What You Need to Know About Burning Fat

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Your body stores calories as fat to keep you alive and safe. There are many gimmicks that claim to amplify fat burning, such as working out in the fat-burning zone, spot reduction, and foods or supplements that supposedly make you burn more fat.

If you intend to reduce the amount of fat stored in your body, learn how to burn fat through a variety of types of exercise instead of seeking a quick fix that is not likely to work. Here's what you need to know.

Basics of Burning Fat

If you're trying to reduce your body's fat stores, knowing how your body uses calories for fuel can make a difference in how you approach weight management. You get your energy from fat, carbohydrates, and protein. Which one your body draws from for energy depends on the kind of activity you're doing.

Most people want to use fat for energy. It may seem that the more fat you can use as fuel, the less fat you will have in your body. But, using more fat doesn't automatically lead to losing more fat. Understanding the best way to burn fat starts with some basic facts about how your body gets its energy.

The body primarily uses fat and carbohydrates for fuel. The ratio of which fuels are utilized will shift depending on your activity. A small amount of protein is used during exercise, but it's mainly used to repair the muscles after exercise.

Higher-intensity exercises, such as fast-paced running, cause the body to rely on carbs for fuel. The metabolic pathways available to break down carbs for energy are more efficient than those for fat breakdown. Fat is used more for energy than carbs for long, slower exercise.

This is a very simplified look at energy with a solid take-home message. Burning more calories matters more than using fat for energy. The harder you work, the more calories you will burn overall.

It doesn't matter what type of fuel you use when it comes to weight loss. What matters is how many calories you burn.

Think about it this way—when you sit or sleep, you're in your prime fat-burning mode. But you probably don't think of sitting and sleeping more as a pathway to losing body fat. The bottom line is that just because you're using more fat as energy doesn't mean you're burning more calories.

Myth of the Fat Burning Zone

Exercising at lower intensities will use more fat for energy. This basic premise is what started the theory of the fat burning zone, which is the idea that working in a certain heart rate zone (around 55% to 65% of your maximum heart rate) will allow your body to burn more fat.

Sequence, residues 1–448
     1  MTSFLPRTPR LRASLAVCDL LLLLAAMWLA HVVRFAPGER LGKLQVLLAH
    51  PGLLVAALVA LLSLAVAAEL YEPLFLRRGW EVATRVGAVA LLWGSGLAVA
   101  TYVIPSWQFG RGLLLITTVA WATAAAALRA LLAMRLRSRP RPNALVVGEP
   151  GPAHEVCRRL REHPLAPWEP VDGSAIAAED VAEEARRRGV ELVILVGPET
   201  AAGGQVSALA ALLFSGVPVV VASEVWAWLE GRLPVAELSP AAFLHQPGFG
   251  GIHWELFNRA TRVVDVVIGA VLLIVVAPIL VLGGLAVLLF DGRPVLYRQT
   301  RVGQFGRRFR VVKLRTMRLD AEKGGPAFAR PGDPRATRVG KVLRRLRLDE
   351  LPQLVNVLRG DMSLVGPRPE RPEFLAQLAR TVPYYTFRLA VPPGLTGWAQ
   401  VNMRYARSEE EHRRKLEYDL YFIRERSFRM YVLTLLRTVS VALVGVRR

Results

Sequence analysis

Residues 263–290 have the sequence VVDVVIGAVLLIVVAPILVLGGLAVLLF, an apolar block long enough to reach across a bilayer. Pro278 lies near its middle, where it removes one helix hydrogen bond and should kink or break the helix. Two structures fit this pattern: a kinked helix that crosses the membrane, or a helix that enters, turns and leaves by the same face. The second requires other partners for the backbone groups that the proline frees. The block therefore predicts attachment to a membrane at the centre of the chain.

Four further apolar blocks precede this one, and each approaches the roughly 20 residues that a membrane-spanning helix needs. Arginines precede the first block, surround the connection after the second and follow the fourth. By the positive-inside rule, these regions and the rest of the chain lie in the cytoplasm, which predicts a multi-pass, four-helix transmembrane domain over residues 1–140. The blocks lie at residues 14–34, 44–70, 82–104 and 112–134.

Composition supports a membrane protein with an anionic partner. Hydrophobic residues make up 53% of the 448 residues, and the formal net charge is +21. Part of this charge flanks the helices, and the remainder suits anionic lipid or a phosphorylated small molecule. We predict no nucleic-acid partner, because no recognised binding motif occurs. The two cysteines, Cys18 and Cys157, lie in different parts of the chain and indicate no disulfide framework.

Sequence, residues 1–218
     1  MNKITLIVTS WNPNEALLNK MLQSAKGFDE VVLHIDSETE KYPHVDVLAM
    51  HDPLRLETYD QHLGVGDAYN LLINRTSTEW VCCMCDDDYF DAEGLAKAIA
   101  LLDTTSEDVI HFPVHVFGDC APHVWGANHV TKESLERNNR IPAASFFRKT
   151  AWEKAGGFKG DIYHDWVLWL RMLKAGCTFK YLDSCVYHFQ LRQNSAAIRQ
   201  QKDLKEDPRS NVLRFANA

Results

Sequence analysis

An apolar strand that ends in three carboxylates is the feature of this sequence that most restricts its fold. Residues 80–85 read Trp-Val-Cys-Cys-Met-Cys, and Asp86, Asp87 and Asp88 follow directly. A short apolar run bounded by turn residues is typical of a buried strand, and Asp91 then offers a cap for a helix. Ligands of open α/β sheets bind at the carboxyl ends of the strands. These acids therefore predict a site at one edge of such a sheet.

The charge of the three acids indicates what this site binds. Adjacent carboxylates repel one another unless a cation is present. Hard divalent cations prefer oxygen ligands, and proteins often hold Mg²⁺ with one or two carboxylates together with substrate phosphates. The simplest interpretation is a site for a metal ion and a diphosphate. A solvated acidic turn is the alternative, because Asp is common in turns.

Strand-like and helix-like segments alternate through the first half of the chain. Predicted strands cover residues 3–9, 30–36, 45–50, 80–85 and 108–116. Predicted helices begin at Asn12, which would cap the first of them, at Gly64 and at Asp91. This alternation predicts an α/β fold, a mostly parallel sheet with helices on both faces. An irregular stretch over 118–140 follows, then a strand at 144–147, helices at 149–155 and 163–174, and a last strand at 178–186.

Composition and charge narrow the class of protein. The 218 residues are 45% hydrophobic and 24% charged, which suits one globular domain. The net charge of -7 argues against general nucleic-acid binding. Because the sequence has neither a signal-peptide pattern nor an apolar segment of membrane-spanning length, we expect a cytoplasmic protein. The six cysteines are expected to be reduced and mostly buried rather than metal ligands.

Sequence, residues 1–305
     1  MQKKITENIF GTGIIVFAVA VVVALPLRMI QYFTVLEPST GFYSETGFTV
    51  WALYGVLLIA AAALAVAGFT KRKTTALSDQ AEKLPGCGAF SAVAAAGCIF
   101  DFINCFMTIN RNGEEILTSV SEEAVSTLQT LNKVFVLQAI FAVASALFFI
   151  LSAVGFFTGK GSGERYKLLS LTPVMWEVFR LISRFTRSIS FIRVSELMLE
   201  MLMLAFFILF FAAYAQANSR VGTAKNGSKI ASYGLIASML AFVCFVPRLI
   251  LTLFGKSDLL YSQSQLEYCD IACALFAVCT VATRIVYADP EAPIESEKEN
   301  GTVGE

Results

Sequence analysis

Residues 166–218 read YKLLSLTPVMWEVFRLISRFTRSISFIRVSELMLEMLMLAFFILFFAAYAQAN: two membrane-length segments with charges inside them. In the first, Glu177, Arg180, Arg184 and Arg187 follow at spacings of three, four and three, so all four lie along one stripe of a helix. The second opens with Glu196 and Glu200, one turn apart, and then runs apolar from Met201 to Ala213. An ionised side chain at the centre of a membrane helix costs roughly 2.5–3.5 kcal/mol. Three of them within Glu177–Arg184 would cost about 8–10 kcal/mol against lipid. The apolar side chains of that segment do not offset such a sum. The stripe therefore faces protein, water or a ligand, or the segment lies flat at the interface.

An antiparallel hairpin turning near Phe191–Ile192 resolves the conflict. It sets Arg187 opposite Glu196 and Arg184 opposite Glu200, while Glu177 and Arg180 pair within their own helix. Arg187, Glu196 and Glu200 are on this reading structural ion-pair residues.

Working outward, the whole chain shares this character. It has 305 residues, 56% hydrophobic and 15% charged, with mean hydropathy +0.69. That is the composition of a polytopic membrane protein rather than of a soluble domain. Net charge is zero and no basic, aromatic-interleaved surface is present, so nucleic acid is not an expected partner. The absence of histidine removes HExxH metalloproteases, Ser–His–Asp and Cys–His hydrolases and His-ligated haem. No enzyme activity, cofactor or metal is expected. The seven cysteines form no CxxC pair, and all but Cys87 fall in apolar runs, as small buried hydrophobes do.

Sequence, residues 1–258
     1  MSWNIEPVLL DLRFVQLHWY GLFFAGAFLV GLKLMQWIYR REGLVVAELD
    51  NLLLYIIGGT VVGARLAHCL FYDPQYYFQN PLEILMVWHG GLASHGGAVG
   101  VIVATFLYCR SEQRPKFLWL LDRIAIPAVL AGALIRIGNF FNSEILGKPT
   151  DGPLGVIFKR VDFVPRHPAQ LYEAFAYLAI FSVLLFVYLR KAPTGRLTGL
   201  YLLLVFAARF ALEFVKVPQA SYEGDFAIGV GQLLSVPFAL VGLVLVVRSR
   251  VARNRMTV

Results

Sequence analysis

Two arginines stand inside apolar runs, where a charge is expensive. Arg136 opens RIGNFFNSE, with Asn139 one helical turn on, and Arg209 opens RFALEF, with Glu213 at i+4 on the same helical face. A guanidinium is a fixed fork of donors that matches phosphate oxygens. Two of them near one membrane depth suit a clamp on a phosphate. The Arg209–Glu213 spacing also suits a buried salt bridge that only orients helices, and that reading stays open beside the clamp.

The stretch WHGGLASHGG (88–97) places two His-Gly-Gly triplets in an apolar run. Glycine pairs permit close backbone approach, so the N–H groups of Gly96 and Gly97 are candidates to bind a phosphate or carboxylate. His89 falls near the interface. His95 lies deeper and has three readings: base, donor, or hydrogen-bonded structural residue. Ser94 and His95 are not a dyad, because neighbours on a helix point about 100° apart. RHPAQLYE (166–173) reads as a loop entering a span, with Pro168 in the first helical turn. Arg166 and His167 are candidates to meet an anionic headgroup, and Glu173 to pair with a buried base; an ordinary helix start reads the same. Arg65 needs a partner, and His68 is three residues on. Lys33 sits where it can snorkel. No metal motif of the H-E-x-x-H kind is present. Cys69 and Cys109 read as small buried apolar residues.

Over the years, this theory has become so ingrained in our exercise experience that we see it touted in books, charts, websites, magazines, and even on cardio machines at the gym. The trouble is that it's misleading.

Working at lower intensities can be great, but it won't necessarily burn more fat off your body. One way to increase your calorie burn is to exercise at higher intensities.

This doesn't necessarily mean that you should avoid low-intensity exercise if you want to burn more fat. There are some specific things you can do to burn more fat and it all starts with how often and for how long you exercise.

Burn Fat With a Mix of Cardio

You may be confused about exactly how hard to work during cardio. You may even think that high-intensity exercise is the only way to go. After all, you can burn more calories and you don't have to spend as much time doing it.

But having some variety can help you stimulate each of your energy systems, protect you from overuse injuries, and help you enjoy your workouts more. You can set up a cardio program that includes a variety of different exercises at different intensities.

High-Intensity Cardio

For our purposes, high-intensity cardio falls between about 80% to 90% of your maximum heart rate (MHR). Or, if you're not using heart rate zones, about a six to eight on a 10-point perceived exertion scale. What this translates to is exercise at a level that feels challenging and leaves you too breathless to talk in complete sentences.

But you're not going all out, as in sprinting as fast as you can. There's no doubt that some high-intensity training work can be helpful for weight loss as well as improving endurance and aerobic capacity.